Central place practice: shopping centre attractiveness measures, hinterland boundaries and the UK retail hierarchy

Dennis, Charles and Marsland, David and Cockett, Tony (2002) Central place practice: shopping centre attractiveness measures, hinterland boundaries and the UK retail hierarchy. Journal of Retailing and Consumer Services, 9 (4). pp. 185-199. ISSN 0969-6989

Full content URL: http://dx.doi.org/10.1016/S0969-6989(01)00021-2

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Abstract

Christaller's (Central Places in Southern Germany (translated by Baskin C (1966)), Prentice-Hall, Englewood Cliffs, NJ, 1933) well-known and much criticised ‘central place theory’ was based on classical, arguably unsustainable, economic assumptions such as the uniformity of consumers and travel. Nevertheless, it has been claimed that the emergence of shopping areas in UK towns could largely be explained in terms of central place principles (Retail Location: A Micro-Scale Perspective, Aldershot, Avebury, 1992). Brown drew support from the example of the retail hierarchy of Cardiff (UK, Store Location and Store Assessment Research, Chichester, Wiley, 1984): a town centre core radiating progressively further out with greater numbers of district centres, neighbourhood centres and finally local centres. Christaller's theory was based on rigid ‘laws of distribution of central places’ and ‘laws of settlement’ which ‘often determine[d] with astonishing exactness, the location of central places’ in southern Germany. Guy considered that for useful application to UK retail, a more flexible interpretation was needed and that strict economic assumptions could be relaxed in a more pragmatic approach. The ‘classical’ approach fails to account for the positions and hinterland (or catchment area) boundaries of modern out-of-town regional shopping centres. Except in defining the components of places at various levels in the hierarchy, Christaller did not even consider the attractiveness of shopping areas in consumer choice. A number of other authors have investigated various measures to define positions in the retail hierarchy. In the Cardiff example, Guy used retail sales floor area as a surrogate measure. Systems have been proposed based on numbers and status of retail outlets (The New Guide to Shopping Centres of Great Britain, Hillier Parker, London, 1991; Shopping Centres, Mintel, London, 1997; J. Property Res. 9 (1992) 122–160; J. Property Res. 9 (1985) 122–160). This paper evaluates the authors’ empirically based measurement system for attractiveness that can be applied to out-of-town as well as in-town shopping centres. The approach adapts previous simple systems based on retailer counts. These have been combined in attractiveness measurements applied to definitions of position in the hierarchy. Results support the prediction of central place hinterland boundaries based on the authors’ attractiveness measures and adaptation of (The Law of Gravitation, Knickerbocker Press, New York, 1931) ‘Law’. The data fit exemplar published empirical data on shopping centre hinterlands more closely than do the commonly used drive-time isochrones.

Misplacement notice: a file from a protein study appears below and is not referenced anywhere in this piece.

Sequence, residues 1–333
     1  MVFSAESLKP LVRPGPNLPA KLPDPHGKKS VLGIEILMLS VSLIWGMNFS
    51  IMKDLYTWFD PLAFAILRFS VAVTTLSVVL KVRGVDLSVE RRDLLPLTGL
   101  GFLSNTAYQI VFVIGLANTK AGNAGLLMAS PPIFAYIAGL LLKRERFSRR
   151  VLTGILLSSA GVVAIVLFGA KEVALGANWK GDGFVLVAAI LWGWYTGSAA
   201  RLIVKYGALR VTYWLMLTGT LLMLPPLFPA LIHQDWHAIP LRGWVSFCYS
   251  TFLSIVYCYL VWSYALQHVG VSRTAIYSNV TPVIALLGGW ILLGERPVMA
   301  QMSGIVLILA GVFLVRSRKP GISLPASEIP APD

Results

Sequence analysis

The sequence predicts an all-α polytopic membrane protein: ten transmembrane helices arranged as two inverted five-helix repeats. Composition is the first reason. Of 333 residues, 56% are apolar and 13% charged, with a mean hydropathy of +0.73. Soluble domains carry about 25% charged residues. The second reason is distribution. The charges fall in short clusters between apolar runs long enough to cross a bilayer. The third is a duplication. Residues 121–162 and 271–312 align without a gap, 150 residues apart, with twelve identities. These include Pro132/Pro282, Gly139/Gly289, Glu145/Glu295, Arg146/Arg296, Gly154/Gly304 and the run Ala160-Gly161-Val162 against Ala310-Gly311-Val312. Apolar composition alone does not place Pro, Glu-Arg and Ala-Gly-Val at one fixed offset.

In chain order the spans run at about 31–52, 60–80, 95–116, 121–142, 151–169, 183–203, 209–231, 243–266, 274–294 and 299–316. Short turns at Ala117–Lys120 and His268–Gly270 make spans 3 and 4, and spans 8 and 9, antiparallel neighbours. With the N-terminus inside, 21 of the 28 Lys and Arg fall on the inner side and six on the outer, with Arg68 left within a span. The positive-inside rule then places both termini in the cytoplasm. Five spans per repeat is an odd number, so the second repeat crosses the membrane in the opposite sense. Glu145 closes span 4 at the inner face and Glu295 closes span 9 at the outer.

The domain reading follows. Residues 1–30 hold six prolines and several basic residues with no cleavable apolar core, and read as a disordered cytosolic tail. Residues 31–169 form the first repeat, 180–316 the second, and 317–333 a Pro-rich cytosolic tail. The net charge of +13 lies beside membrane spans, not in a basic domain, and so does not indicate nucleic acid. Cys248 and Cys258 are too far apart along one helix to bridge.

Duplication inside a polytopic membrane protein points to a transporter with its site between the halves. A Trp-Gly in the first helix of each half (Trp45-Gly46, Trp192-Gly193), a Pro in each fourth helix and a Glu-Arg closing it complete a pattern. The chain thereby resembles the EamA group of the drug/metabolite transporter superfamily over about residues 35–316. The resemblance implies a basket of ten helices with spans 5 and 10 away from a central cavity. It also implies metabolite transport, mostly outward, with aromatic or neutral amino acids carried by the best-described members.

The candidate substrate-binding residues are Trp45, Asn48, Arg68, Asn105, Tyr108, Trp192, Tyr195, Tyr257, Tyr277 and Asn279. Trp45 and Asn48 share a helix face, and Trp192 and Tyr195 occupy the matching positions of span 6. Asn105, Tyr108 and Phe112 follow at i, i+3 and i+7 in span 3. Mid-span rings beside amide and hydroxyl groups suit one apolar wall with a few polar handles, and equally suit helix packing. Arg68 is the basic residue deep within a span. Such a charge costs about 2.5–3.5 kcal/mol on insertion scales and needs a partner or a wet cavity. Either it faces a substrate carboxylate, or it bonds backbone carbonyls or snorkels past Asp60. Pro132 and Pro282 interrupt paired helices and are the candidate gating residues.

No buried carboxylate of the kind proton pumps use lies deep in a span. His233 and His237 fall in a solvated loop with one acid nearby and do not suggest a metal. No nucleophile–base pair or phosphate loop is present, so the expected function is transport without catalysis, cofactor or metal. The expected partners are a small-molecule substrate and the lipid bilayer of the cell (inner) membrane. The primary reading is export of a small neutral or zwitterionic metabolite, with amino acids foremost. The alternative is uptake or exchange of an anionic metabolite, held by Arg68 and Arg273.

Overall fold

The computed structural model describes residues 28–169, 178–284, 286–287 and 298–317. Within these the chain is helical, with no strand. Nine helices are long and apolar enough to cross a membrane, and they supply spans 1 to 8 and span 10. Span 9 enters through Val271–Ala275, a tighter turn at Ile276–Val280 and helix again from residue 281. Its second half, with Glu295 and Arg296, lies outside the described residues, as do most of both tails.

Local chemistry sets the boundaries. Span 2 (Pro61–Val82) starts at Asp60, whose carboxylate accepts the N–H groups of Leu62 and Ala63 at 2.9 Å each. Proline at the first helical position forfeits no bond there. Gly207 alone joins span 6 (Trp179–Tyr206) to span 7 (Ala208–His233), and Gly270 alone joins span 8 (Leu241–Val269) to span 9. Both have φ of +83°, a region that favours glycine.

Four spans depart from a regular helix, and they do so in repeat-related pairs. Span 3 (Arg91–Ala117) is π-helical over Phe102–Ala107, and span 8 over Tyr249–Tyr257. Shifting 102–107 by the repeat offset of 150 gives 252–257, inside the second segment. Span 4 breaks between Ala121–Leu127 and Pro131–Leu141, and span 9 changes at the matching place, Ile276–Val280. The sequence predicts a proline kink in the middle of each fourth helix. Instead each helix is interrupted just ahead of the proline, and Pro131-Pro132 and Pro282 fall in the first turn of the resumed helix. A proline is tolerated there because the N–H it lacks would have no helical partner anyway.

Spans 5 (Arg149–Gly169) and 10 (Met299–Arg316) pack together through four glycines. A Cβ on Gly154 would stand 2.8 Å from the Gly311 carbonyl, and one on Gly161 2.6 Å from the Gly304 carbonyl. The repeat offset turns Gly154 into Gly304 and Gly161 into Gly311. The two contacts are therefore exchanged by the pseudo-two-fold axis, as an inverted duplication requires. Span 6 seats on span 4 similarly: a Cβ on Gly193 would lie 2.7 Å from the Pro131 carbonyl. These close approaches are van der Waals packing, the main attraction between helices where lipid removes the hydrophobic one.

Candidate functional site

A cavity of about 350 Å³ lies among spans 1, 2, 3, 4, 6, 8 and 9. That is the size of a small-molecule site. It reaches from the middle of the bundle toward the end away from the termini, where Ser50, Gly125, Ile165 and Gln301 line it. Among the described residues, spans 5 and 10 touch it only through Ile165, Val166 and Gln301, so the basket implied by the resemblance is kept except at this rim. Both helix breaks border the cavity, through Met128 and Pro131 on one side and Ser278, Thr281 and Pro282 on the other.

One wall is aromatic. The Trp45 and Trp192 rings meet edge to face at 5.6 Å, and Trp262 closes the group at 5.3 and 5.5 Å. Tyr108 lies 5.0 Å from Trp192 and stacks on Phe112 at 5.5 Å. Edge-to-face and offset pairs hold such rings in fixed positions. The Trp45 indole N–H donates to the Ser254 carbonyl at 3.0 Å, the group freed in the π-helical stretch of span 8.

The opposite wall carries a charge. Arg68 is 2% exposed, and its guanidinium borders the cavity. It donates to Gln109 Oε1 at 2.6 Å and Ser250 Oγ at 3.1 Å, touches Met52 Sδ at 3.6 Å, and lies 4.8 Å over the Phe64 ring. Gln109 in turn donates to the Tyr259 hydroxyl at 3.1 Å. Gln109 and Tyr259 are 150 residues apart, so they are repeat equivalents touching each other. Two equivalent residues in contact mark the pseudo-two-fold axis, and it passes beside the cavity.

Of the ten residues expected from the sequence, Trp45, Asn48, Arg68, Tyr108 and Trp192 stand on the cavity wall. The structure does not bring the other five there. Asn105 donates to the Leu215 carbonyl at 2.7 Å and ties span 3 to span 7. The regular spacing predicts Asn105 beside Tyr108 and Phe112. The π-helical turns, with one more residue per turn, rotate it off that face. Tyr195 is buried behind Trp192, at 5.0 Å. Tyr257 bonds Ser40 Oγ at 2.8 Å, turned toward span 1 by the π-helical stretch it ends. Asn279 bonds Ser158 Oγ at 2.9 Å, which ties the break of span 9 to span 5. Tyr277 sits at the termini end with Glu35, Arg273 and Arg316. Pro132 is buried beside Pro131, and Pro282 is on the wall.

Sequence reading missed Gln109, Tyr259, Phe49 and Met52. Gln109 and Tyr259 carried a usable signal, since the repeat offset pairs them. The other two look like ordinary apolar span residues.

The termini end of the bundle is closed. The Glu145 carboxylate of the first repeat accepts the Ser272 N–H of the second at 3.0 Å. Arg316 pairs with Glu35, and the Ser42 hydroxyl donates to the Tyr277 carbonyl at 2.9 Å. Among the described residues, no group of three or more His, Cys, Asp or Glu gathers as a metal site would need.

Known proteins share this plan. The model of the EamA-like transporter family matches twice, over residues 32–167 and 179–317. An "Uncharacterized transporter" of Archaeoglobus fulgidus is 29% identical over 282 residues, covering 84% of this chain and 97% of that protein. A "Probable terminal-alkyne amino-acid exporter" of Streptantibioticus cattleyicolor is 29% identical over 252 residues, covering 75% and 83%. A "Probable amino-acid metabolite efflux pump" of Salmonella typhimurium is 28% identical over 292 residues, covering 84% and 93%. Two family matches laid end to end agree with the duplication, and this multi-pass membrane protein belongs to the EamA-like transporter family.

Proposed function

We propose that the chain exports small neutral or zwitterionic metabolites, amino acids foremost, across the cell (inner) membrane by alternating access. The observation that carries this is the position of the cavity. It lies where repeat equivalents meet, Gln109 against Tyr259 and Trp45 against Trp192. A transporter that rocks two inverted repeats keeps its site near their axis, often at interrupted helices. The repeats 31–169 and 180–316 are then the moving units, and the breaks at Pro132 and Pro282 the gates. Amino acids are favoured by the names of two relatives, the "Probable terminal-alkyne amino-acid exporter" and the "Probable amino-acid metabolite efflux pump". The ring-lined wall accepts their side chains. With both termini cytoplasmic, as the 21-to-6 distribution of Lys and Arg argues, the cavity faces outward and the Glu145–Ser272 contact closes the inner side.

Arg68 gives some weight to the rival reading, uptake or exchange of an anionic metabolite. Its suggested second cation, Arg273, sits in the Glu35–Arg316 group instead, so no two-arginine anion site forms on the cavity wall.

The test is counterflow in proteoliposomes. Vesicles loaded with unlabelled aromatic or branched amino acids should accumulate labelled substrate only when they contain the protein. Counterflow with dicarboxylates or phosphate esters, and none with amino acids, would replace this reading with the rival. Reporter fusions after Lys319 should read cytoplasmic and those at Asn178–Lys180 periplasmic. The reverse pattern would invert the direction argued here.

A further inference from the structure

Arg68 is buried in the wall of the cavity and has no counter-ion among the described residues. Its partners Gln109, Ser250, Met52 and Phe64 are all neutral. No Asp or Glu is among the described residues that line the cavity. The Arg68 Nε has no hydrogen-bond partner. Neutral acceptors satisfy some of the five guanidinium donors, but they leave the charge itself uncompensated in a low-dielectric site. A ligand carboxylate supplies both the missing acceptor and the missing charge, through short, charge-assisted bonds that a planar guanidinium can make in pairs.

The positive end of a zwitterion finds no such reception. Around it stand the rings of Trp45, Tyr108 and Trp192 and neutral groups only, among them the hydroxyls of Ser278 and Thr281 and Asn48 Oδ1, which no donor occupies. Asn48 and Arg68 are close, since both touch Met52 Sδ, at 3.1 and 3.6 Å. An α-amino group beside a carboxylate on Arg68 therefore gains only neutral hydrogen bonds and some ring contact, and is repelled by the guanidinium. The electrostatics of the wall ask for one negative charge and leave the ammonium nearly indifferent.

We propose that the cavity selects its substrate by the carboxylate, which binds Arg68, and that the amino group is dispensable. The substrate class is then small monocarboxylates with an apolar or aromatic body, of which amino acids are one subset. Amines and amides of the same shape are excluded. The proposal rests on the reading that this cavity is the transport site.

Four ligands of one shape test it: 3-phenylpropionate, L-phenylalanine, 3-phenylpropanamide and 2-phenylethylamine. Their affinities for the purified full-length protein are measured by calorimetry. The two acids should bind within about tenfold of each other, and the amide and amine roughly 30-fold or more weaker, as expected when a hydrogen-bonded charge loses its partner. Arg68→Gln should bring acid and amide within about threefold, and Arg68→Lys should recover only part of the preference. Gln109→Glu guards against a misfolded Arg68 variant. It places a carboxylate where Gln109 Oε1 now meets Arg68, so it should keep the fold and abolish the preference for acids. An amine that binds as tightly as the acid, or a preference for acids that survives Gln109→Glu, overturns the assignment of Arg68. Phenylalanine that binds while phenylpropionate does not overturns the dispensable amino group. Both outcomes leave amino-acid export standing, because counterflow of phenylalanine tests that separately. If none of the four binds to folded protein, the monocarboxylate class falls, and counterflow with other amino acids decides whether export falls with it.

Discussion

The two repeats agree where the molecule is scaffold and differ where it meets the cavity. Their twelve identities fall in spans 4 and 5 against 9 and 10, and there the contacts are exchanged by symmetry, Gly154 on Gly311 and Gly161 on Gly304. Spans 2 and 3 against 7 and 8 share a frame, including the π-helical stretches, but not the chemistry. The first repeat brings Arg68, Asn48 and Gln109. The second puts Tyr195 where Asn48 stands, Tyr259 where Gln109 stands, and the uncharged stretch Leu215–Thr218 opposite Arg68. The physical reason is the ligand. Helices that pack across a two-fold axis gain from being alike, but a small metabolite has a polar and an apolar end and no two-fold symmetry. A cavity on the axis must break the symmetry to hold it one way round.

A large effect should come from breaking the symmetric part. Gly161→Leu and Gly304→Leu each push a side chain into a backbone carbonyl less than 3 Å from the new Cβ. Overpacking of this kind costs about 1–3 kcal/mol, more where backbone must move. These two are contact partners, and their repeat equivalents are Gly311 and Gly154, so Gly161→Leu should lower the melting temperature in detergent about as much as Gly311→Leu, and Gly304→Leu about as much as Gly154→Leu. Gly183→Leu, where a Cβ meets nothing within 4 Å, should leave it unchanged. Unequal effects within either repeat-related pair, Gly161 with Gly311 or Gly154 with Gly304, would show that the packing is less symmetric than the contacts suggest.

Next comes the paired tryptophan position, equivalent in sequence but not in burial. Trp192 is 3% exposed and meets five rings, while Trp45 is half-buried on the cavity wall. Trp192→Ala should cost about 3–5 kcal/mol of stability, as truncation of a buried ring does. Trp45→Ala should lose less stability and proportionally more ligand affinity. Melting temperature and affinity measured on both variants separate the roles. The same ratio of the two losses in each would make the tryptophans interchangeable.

Keywords:Shopping centres, Central place, Hierarchy, Hinterlands, Catchment, Attractiveness
Subjects:N Business and Administrative studies > N240 Retail Management
Divisions:Lincoln International Business School
ID Code:12974
Deposited On:17 Jan 2014 09:49

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